Effective Perl by Joseph N. Hall

Observations and Tips from the author of Effective Perl Programming

Monday, January 30, 2006

Tip: Creating a String of Random Hex Digits

Every once in a while a string of random hex digits comes in handy*, perhaps when you need a random alphanumeric name for something. The unpack operator seems like it should come in handy for this purpose, given that it can translate character values into hex strings, and so it does. Here's a snippet that creates a string of 32 random hex digits:

my $rand_hex = join "", map { unpack "H*", chr(rand(256)) } 1..16;

rand(256) produces floating-point numbers 0.0 <= n < 256.0. unpack "H2" turns a character (a single-character string to be precise) into a 2-character MSB-first hex string - the chr is needed to turn the numeric value from rand into a string. The map { ... } 1..16 creates a list of 16 different 2-character strings, and join gloms them all together.

Here's another - simpler - way to generate 32 random hex digits:

use Digest::MD5 qw(md5_hex);
my $rand_hex2 = md5_hex(rand);

*Or maybe you think that Perl looks like random hex digits all on its own. Most people, however, think it looks like modem line noise $$817 d3#@ ss NO CARRIER

4 Comments:

At 8:30 PM, Anonymous devin said...

md5_hex(rand) will not give you a string of random hex digits. In fact, it's considerably less than random, since rand() gives 32, 48, or 64 bits of randomness, but a md5 hash is 128 bits. So there are 2^128 possible md5 hashes but your md5_hex(rand) will choose from only at most 2^64 of them. So it only looks random -- be careful!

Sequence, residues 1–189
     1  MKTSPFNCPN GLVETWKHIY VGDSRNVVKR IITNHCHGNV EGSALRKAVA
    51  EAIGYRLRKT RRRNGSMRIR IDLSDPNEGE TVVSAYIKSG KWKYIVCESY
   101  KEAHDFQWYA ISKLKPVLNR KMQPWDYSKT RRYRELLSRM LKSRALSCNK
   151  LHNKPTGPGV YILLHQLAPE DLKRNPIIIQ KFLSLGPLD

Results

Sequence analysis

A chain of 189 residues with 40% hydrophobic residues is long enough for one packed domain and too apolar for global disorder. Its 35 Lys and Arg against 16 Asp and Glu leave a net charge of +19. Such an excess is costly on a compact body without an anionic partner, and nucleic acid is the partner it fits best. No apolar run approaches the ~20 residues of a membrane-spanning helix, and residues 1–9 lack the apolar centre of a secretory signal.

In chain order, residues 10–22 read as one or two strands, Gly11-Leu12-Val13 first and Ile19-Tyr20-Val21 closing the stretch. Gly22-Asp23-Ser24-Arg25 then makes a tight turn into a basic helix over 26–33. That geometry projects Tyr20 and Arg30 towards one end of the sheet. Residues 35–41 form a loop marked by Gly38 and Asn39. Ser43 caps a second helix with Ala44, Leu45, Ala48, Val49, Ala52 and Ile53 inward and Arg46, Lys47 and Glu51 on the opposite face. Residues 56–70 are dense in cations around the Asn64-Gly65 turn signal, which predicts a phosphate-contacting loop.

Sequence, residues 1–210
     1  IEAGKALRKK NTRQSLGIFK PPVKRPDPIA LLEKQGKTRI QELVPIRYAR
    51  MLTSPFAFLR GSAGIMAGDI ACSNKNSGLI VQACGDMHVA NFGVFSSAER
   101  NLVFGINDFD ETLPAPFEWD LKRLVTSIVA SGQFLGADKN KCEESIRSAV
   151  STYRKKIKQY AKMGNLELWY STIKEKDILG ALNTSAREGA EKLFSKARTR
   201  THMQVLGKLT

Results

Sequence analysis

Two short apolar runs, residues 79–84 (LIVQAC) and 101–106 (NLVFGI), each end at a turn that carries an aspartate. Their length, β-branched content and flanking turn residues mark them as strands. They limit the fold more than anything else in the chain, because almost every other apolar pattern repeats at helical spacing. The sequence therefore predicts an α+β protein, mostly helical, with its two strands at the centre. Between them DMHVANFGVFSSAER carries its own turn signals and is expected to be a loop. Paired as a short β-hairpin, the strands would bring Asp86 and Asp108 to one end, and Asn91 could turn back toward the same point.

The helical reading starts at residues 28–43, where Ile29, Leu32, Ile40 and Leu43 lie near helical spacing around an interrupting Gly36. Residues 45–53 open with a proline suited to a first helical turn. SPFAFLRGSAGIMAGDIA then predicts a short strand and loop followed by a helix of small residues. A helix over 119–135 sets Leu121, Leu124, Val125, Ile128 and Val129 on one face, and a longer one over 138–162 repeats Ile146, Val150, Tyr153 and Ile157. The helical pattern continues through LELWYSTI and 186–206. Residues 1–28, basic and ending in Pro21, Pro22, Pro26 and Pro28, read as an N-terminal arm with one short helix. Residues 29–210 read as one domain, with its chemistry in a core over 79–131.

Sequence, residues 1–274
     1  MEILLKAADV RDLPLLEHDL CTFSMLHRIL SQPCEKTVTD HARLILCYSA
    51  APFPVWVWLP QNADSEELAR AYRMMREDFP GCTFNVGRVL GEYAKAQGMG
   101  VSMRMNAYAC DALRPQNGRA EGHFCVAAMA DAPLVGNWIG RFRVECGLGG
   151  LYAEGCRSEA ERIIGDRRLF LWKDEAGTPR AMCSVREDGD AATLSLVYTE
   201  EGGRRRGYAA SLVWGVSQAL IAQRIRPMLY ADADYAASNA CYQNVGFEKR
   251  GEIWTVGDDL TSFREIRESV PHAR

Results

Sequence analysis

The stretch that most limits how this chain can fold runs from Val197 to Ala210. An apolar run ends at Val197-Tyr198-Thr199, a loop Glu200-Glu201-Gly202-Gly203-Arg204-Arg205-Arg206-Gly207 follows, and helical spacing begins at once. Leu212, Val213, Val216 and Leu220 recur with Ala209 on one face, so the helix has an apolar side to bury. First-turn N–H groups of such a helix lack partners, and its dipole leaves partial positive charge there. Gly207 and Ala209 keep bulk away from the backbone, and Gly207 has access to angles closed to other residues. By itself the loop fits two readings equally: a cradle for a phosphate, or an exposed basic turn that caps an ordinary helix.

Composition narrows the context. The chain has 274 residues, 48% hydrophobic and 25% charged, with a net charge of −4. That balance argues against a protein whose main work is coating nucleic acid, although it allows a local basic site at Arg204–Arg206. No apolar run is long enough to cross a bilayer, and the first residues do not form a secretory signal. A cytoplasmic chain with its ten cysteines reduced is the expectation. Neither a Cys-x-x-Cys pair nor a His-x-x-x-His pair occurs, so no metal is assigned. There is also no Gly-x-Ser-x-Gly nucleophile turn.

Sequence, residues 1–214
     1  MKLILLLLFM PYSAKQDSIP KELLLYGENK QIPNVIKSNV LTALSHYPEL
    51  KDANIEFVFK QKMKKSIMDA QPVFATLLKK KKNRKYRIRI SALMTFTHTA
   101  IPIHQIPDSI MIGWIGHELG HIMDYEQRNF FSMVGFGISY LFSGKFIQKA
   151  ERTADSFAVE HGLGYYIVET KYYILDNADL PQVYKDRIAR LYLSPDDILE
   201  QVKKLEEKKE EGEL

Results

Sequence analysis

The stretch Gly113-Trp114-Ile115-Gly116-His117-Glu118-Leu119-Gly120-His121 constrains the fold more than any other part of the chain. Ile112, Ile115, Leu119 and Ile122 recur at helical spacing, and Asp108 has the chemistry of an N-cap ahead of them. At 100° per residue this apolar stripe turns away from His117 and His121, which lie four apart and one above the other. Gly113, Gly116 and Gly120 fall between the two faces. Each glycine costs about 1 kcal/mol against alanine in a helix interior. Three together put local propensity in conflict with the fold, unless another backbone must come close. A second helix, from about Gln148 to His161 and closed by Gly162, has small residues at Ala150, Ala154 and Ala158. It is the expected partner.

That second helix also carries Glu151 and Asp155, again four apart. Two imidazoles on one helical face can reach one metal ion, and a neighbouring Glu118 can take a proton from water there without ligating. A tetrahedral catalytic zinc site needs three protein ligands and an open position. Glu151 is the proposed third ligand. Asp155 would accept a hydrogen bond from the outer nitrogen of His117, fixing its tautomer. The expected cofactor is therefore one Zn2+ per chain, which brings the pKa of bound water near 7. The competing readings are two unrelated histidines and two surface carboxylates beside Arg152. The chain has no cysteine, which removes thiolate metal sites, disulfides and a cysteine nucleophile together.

At 9:02 PM, Blogger Joseph N. Hall said...

Of course it's a random string. However, it doesn't have 128 bits of entropy.

It's also unlikely that glomming together hex digits resulting from repeated calls to rand will really produce 128 bits of randomness - because the pseudorandom number generator on your favorite platform is probably not cryptographically strong.

 
At 1:20 AM, Anonymous Anonymous said...

my $0,2

perl -e 'print ((0..9,a..f)[rand(16)]) for 1..32'

 
At 8:09 PM, Anonymous Wicked Web Programmers said...

Thanks.You can always run your Perl code under Perl's w flag.

 

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